And that’s the crux of our existence. It isn’t so much that we want to take your jobs (as Pandagon so eloquently posits here), it’s that we want you to do your jobs as well as you can. Make things interesting. Report the good and the bad. Don’t limit the amount of good news to a 30 second segment because you know that 10 minute segment on the rough times will get you better ratings than the other network. Those of us who want to be informed want the news unfiltered and raw, and the closer you get to the “truth,” the better.  That’s why cable shows, as far as this informal eye can see, do better amongst my readers than the network news does.

Again, I’ve never taken a journalism class in my life nor do I profess to know what the editors and producers of the hundreds of news channels know, but as a consumer, I do have an understanding of what others are and have been saying about the news. Of course, if that’s news to you, then I guess we’re not watching the same thing.

Jose, who doesn’t believe no news is good news for the news you don’t know can kill you …


Hooray Accountability …

by Jose Vilson on December 6, 2007

AccountabilityI like sitting down listening to Beatles’ “Strawberry Fields Forever” and thinking whether they had a worry in the world while smoking their drugs in their recording sessions. At the time of that song’s creation, they were already considered geniuses, so they didn’t really have “bosses,” or anyone to really hold them accountable outside of their mothers. The same can’t be said for the average worker in NYC these days.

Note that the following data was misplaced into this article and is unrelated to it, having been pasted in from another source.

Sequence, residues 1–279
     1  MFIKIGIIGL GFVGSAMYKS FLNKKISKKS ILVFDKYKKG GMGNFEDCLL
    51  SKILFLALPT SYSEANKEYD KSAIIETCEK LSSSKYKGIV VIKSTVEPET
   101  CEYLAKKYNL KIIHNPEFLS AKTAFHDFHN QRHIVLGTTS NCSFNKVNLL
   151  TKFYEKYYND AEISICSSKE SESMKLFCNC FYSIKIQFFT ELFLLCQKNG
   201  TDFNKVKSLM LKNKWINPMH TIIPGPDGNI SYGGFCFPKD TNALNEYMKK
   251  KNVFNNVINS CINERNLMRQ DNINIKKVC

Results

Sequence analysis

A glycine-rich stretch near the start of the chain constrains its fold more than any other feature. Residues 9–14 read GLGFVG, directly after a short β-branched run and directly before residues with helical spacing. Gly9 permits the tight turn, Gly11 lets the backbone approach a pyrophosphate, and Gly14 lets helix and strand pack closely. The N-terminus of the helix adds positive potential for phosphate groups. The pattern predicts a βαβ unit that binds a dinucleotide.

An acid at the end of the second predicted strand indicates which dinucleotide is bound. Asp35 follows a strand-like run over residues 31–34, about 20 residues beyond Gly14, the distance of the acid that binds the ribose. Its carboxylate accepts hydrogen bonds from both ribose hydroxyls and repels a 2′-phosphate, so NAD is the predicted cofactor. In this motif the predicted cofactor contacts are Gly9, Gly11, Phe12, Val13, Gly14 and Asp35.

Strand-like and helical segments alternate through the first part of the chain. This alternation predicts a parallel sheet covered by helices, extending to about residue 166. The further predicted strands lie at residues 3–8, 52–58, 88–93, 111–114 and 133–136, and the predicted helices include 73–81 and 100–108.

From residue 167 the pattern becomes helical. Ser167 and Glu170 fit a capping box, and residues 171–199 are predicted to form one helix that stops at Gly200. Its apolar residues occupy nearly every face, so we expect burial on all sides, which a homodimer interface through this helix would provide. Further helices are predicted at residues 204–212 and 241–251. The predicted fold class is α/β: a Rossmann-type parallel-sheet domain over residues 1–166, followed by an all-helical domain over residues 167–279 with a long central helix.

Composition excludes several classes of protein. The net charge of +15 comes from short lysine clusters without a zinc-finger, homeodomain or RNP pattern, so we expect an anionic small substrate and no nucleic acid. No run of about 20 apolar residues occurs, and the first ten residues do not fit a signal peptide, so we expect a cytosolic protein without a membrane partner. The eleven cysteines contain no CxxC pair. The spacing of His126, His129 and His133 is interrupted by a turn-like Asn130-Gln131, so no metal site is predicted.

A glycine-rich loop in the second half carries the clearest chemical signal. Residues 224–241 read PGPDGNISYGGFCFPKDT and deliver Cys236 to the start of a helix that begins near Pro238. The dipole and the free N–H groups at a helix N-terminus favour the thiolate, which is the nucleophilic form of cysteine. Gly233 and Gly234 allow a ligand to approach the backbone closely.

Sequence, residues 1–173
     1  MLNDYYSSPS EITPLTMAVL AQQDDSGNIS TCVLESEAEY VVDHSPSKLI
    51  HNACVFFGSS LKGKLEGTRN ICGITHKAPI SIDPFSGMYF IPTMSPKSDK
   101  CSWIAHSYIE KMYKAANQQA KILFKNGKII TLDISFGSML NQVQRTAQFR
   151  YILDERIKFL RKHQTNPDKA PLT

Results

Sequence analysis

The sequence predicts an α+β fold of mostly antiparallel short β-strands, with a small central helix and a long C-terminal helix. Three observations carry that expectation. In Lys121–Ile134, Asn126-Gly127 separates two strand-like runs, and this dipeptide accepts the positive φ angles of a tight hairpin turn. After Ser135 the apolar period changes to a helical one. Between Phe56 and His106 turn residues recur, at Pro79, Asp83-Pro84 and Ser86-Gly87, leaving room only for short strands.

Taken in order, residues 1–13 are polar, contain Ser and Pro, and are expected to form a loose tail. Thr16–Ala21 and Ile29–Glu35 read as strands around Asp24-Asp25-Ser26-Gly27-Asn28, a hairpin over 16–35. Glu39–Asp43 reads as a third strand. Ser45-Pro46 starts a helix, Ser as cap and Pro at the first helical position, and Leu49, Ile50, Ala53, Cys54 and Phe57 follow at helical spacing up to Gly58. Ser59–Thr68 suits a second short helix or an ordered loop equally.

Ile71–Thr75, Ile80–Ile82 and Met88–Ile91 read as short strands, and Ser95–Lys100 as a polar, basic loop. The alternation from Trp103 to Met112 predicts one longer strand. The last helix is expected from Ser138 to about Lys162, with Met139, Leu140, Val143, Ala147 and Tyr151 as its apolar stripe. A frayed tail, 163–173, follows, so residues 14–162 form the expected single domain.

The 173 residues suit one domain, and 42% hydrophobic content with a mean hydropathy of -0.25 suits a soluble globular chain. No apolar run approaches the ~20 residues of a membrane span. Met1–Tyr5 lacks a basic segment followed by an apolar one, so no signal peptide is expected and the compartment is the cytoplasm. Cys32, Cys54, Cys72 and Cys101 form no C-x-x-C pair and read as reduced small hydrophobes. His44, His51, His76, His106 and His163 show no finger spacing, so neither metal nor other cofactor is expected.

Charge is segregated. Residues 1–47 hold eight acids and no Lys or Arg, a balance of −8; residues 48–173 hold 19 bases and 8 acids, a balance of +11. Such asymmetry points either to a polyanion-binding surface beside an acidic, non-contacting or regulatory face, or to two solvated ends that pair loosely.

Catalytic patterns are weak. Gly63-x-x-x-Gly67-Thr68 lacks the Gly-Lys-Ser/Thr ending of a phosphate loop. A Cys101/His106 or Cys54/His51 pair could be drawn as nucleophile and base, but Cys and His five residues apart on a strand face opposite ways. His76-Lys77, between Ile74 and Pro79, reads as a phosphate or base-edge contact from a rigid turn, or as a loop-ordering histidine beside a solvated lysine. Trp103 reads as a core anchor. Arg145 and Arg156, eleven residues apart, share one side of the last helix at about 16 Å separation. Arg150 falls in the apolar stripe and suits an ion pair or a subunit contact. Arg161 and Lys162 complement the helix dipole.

Lately, the biggest talk amongst administrators in any sector containing unions has become accountability. Bloomberg and Co. have brought the discussion of accountability to the schools, and 3 reorganizations later, he’s made every principal into the schools’ CEO, thus deflecting responsibility off himself and his administration and concentrating it on the principals. Unfortunately, they also forgot to clean up the previous schema so the residue of years of failure still exist. We still have the same issues, just much more uncertainty, much more profit made off individual schools through “not-for-profits”, and teachers whose job security is in free fall. I’m not saying we shouldn’t be held more responsible for the parts we play in children’s education; everyone, though, has to do their part to make equity and stability a factor in our children’s success. We’re farther from that than before the 3 reorganizations.